anticipate publication in late 2017 or early-mid 2018.

As for part one of the question, recently I've had several author friends impacted by recent changes with their respective publishers. Knowing that, it seemed only prudent not to put all my books in one publisher’s basket.

Becoming an Imajineer:
In 2014, while I was looking for a home for NOOSE, I decided to start another book. After all, it’s easy to get out of the writing habit, and darned hard to get back into it. But try as I might, I just couldn’t bring myself to write a second book in a series I hadn’t sold. I decided to try something completely different: a first person, single POV mystery without a true “sidekick.” (NOOSE is third person, multiple POVs, and there is a definite sidekick).

Coming up with the concept:
The idea for Skeletons came to me while I was waiting in the reception area of my lawyer’s office. I was there with my husband, Mike, to change our very outdated wills, and my lawyer had been delayed in court. While Mike read the newspaper, I started scribbling notes for the book that would become SKELETONS IN THE ATTIC. The opening scenes are actually culled from that experience.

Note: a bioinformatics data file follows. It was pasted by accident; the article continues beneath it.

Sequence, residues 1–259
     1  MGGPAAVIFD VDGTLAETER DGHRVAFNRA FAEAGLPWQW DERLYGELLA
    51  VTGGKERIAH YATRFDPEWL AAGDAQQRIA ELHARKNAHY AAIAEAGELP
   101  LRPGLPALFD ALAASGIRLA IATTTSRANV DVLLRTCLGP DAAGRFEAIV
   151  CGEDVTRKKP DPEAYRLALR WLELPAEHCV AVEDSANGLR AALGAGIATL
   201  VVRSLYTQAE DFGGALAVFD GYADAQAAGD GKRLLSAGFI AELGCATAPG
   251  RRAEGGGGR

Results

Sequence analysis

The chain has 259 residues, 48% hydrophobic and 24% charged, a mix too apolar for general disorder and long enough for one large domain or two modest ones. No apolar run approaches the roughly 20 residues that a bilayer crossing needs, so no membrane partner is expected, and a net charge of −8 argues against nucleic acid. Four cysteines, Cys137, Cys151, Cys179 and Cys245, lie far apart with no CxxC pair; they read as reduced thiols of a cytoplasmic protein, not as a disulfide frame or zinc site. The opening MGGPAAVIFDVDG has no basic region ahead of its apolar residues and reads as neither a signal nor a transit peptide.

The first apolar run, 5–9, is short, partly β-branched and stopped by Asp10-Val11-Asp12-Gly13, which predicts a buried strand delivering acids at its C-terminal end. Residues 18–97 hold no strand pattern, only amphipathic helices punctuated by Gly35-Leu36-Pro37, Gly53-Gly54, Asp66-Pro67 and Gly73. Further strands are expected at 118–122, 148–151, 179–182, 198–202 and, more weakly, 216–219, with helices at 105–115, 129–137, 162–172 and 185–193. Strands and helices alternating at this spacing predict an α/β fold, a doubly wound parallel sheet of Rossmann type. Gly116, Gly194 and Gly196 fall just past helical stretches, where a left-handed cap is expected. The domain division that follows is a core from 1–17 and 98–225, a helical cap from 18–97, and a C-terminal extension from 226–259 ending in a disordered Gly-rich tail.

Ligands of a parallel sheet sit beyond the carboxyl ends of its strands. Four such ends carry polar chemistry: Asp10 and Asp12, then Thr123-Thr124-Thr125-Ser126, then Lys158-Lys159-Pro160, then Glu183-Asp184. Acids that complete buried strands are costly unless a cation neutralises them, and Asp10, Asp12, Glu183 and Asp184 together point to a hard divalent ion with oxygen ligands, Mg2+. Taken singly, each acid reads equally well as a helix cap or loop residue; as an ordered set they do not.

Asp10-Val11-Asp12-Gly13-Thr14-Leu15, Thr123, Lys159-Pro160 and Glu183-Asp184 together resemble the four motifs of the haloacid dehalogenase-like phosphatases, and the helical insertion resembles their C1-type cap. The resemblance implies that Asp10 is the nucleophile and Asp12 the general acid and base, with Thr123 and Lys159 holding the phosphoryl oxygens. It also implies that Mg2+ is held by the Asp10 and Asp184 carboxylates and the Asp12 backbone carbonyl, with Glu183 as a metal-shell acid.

Once I’d finished SKELETONS, I started looking for a publisher. It’s important to me, as a writer and a reader, to have read and liked at least some of their books (since no one can read an entire catalogue of books…) I had read, and thoroughly enjoyed, books by several Imajin Books authors, including Melodie Campbell, Rosemary McCracken, and Kristina Stanley. I decided to submit to Imajin when they opened for submissions on March 15, 2016. It meant waiting a couple of months for that window to open, but I was willing to wait for what I believed would be the right publisher.
I sent in my manuscript on March 15th (no flies on this writer!) and did a very happy dance (the champagne helped) when Cheryl Tardif, the acquisitions editor at Imajin, emailed me with a contract just a few days later. With an August 2016 publication date, it’s been a whirlwind ever since. First, I had to create a PDF ARC (Advanced Reader Copy) and ask authors I’ve read and respected for cover blurbs if they read and enjoyed the book (thank you Jeff Buick, Ellen Byron, Annette Dashovy,
Catriona McPherson and Diane Vallere for saying yes!) to the three rounds of editing before going to the proofreader, to working with Ryan Thomas Doan, an incredible cover artist, to setting up blog hop opportunities like this one.
Like Barking Rain Press, Imajin is also interested in book #2 in the Marketville mystery series. It looks like I’m going to be busy!
Two series, two publishers. The dream continues…

What goes on behind closed doors doesn’t always stay there…

Calamity (Callie) Barnstable isn’t surprised to learn she’s the sole beneficiary of her late father’s estate, though she is shocked to discover she has inherited a house in the town of Marketville—a house she didn’t know existed. However, there are conditions attached to Callie’s inheritance: she must move to Marketville, live in the house, and solve her mother’s murder.